The Shiv Sena on Monday pummeled entertainer turned-government official Kamal Hassan’s remarks on Nathuram Godse, saying his hypothesis is a “flop story” and a “pointless articulation”.
“Kamal Haasan is an excellent entertainer. Be that as it may, his hypothesis (on Nathuram Godse) is a failure story. Individuals don’t have compassion toward Godse. Hindus won’t endure it when their religion is connected with fear based oppression. There is no contrast between Kamal Haasan and Digvijaya Singh. It is a pointless articulation just to pick up attention,” Shiv Sena representative Sanjay Raut told correspondents here.
Haasan‘s allusion to Godse
Haasan, the head of Makkal Needhi Maiam (MNM) had blended a contention by saying that the “principal psychological militant in autonomous India was a Hindu”, alluding to Godse, the man who killed Mahatma Gandhi.
“I am not saying this in light of the fact that numerous Muslims are here. I am stating this before Mahatma Gandhi’s statue. The main psychological oppressor in free India is a Hindu. His name is Nathuram Godse,” Haasan said while crusading in Tamil Nadu’s Aravakurichi gathering voting public on Sunday.
Haasan’s remarks drew boundless judgment from different pioneers crosswise over pioneers of BJP and Hindu utfits.
This adds up to impelling shared savagery, says Tamilisai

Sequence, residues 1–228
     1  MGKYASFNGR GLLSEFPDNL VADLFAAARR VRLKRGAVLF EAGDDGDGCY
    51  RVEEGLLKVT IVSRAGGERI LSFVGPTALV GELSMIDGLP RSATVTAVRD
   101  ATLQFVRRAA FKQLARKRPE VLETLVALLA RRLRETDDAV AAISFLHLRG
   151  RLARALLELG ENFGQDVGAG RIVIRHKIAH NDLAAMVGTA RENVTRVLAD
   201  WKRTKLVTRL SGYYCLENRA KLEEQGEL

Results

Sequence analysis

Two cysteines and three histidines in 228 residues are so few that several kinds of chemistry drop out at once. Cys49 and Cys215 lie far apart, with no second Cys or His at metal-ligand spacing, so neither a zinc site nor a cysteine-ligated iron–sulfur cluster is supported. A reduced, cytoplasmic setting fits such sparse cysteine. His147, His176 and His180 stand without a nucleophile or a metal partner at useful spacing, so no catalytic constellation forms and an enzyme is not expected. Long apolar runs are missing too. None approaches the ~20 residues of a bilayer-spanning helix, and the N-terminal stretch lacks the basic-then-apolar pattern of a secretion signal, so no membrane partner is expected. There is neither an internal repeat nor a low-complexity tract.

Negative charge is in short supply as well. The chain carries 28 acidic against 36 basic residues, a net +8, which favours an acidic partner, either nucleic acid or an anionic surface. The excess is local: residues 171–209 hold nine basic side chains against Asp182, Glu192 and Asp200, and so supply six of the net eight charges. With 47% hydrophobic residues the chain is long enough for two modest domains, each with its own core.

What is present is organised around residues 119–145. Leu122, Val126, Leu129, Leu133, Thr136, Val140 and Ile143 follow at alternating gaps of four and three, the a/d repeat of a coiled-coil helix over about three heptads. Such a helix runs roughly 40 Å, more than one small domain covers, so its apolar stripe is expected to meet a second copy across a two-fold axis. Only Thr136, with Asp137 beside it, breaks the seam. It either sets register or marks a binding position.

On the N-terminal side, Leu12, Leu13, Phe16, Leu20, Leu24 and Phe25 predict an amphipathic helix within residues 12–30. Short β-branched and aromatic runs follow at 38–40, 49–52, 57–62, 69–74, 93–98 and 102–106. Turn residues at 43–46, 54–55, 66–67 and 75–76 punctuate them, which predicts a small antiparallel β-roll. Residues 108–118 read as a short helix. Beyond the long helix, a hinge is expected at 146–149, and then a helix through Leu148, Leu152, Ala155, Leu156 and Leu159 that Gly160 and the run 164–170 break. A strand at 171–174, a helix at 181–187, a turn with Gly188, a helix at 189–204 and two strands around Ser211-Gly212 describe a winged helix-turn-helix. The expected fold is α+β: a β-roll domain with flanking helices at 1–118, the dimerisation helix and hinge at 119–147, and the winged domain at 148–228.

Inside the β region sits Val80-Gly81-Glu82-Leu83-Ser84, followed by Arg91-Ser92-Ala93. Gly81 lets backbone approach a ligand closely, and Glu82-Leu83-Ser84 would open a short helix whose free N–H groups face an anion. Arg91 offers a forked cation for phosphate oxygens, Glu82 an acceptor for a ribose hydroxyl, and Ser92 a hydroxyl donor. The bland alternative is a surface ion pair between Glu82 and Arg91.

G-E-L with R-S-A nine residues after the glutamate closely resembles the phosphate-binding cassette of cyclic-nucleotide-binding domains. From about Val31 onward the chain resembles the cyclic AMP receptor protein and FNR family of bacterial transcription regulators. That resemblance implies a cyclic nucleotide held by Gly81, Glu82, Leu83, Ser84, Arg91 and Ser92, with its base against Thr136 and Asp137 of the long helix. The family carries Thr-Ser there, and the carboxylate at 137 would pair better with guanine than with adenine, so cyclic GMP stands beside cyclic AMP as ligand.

BJP state president Tamilisai Soundararajan said while the entire country was stunned when Gandhi was executed, none can, in any case, legitimize it, and called attention to that Godse was hanged for the “egregious” wrongdoing.
She said it was “firmly condemnable” that Mr. Haasan utilized the expression “Hindu radicalism” in a Muslim-commanded region.
“In spite of the fact that he discusses taking forward another sort of legislative issues, he likewise enjoyed the old, naughty, noxious and disruptive vote bank governmental issues,” Dr. Soundararajan said in an announcement. She said his comments added up to inducing “collective viciousness”.
In a clear reference to the fatal Easter bombings in Sri Lanka which left more than 250 dead, Dr. Soundararajan asked whether people like Mr. Haasan were vocal in examining the issue “regardless of being realized that culprits were Muslims.”
She said Mr. Haasan’s comments in a Muslim-ruled region were “underhanded and motivation driven.”
“In this manner such people’s battling ought to be restricted. The police should make a move since there is a push to make strain,” she included.